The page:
The nation’s third largest coal mine operator announced Monday it would rehire laid-off workers at one of its Powder River Basin coal mines, citing rosier forecasts for electrical demand.
Navajo Transitional Energy Company said in a news release it would welcome back 73 miners to the Spring Creek mine in Montana, just north of Wyoming’s border, on Aug. 3.
The coal company had laid off 73 Spring Creek mine employees on April 23 in response to depressed demand for thermal coal during the COVID-19 pandemic. All Spring Creek miners affected by the workforce reduction this spring were offered their jobs back, except for three workers who recently found other employment, according to the company. A majority of workers at the mine live in or near Sheridan and commute to the mine.
The owner also laid off 57 workers at NTEC’s Wyoming-based Antelope mine on the same day. One month later, more workers employed by NTEC lost their jobs at the Antelope mine. The company furloughed 93 hourly workers and laid off eight salaried employees on May 21. NTEC also owns the Cordero Rojo mine.
A spokeswoman for the company said workers affected by the workforce reductions at the Antelope mine had not been called back.
“We are thrilled to be in a position to bring our Spring Creek team back so soon,” Clark Moseley, the company’s CEO, said in a statement. “We are seeing a resumption of normal energy demand, along with the increased power needs for the summer season. Spring Creek is well positioned to deliver the product to meet US energy demand and aid in economic recovery.”
Workforce reductions have hit several mines across Wyoming coal country as the COVID-19 pandemic slowed industrial demand for electricity. This spring, coal firms laid off or furloughed over 550 miners throughout the Powder River Basin, the country’s epicenter for coal production.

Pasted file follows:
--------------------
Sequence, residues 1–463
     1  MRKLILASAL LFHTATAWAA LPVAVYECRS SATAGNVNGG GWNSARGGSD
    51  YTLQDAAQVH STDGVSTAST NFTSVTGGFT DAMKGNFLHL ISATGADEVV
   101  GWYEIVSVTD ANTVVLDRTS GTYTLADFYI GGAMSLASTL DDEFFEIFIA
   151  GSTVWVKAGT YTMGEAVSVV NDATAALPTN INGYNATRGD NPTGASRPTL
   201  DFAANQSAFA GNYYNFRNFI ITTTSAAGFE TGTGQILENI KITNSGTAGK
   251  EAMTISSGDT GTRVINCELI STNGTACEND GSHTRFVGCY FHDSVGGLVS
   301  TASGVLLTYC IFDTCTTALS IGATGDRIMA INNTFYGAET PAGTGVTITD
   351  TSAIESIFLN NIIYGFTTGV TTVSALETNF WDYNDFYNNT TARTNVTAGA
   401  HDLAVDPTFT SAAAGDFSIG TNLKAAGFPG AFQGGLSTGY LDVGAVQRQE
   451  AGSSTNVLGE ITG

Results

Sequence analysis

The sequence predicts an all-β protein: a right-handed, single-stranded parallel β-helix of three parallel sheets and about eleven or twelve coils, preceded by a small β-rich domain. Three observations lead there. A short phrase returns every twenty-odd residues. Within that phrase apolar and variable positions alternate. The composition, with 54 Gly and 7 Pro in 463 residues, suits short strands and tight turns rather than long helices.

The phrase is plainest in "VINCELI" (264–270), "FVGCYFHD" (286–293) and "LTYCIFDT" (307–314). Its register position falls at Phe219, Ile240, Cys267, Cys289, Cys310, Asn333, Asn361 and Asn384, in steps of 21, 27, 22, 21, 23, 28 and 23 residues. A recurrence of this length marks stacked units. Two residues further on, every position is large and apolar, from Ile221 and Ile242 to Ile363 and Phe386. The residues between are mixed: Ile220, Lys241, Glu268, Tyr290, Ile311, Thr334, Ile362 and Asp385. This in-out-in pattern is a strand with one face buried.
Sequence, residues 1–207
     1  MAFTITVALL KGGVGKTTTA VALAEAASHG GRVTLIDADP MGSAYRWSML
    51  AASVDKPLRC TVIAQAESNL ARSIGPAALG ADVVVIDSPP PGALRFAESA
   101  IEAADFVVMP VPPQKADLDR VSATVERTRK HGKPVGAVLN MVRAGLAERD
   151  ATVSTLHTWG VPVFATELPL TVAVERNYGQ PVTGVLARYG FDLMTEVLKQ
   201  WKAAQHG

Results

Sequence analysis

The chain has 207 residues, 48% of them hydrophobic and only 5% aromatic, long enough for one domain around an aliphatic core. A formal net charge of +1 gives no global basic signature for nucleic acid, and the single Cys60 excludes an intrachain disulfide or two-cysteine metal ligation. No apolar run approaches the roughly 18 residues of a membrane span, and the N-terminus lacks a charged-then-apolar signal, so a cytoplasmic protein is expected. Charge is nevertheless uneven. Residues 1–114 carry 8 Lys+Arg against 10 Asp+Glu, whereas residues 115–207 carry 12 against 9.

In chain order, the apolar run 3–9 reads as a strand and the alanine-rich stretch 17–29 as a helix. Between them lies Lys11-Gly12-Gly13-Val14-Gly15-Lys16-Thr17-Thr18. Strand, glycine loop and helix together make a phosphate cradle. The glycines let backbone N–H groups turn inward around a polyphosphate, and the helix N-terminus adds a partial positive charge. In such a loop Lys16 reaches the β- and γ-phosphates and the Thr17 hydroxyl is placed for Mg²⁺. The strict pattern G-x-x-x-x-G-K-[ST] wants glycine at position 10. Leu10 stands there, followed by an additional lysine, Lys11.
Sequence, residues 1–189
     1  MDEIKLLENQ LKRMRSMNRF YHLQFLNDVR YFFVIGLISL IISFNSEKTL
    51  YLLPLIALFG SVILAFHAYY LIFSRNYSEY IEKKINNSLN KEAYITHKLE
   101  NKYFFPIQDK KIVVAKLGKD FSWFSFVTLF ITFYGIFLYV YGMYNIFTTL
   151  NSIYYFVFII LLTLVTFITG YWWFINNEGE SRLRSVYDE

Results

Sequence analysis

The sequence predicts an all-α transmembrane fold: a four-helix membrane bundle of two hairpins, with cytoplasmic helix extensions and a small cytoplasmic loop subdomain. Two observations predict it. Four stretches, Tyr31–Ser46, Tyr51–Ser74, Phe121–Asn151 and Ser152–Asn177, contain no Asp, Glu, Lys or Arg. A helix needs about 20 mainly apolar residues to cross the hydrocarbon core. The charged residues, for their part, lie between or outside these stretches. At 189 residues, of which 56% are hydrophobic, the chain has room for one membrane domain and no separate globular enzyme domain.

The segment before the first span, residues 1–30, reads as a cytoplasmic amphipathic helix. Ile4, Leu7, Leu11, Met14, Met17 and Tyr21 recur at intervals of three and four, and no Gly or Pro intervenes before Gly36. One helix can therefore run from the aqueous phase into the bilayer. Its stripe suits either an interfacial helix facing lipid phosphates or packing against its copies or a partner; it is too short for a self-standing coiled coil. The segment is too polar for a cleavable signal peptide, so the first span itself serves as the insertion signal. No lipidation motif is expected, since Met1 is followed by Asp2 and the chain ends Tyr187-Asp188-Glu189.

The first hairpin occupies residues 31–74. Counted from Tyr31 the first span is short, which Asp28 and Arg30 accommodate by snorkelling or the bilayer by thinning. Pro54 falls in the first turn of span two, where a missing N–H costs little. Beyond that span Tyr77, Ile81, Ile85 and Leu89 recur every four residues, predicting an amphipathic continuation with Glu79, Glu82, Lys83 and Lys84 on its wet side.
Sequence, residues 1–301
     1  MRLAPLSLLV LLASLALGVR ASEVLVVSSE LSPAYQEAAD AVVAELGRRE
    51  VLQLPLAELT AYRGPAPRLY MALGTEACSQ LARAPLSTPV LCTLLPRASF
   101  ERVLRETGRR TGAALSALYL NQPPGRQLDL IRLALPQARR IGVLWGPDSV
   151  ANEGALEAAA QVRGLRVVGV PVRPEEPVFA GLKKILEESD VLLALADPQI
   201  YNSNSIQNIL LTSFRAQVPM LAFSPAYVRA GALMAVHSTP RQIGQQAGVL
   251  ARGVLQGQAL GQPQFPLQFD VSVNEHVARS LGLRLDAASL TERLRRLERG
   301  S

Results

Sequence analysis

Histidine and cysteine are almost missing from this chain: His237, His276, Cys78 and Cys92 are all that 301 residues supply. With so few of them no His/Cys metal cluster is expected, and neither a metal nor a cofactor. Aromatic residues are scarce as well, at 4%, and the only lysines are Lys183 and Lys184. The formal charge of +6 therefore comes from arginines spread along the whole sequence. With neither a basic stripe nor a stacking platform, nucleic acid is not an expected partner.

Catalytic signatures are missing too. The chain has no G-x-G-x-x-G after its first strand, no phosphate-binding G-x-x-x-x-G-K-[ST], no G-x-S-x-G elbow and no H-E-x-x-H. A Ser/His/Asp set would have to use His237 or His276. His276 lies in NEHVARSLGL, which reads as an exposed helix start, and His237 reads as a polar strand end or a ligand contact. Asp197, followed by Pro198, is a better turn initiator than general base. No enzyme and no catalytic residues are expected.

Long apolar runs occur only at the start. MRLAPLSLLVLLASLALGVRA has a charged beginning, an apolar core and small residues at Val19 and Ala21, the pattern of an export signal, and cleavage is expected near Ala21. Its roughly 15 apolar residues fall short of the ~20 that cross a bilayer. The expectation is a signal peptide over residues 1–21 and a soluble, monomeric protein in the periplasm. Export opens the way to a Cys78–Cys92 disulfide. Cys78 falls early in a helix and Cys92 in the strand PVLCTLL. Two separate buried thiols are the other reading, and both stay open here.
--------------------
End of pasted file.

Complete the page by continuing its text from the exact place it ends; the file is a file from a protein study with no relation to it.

Overall employment and production in the basin’s coal industry have declined steadily since their peak in 2015, according to data from the U.S. Mine Safety and Health Administration. Utility companies have gradually turned to less expensive natural gas or renewable energy sources to supply electricity to customers.
Demand for coal continued to plunge in the early months of 2020 — with output during the second quarter setting a new two-decade low, according to data released by the U.S. Energy Information Administration. This month, the federal data agency released a report predicting coal production could fall by 29% to around 501 million short tons in 2020.
The Spring Creek mine employed 262 employees as of March 31, according to Mining Safety and Health Administration. Workers there produced 2.8 million tons of coal in this year’s first quarter.
Follow the latest on Wyoming’s energy industry at @camillereports
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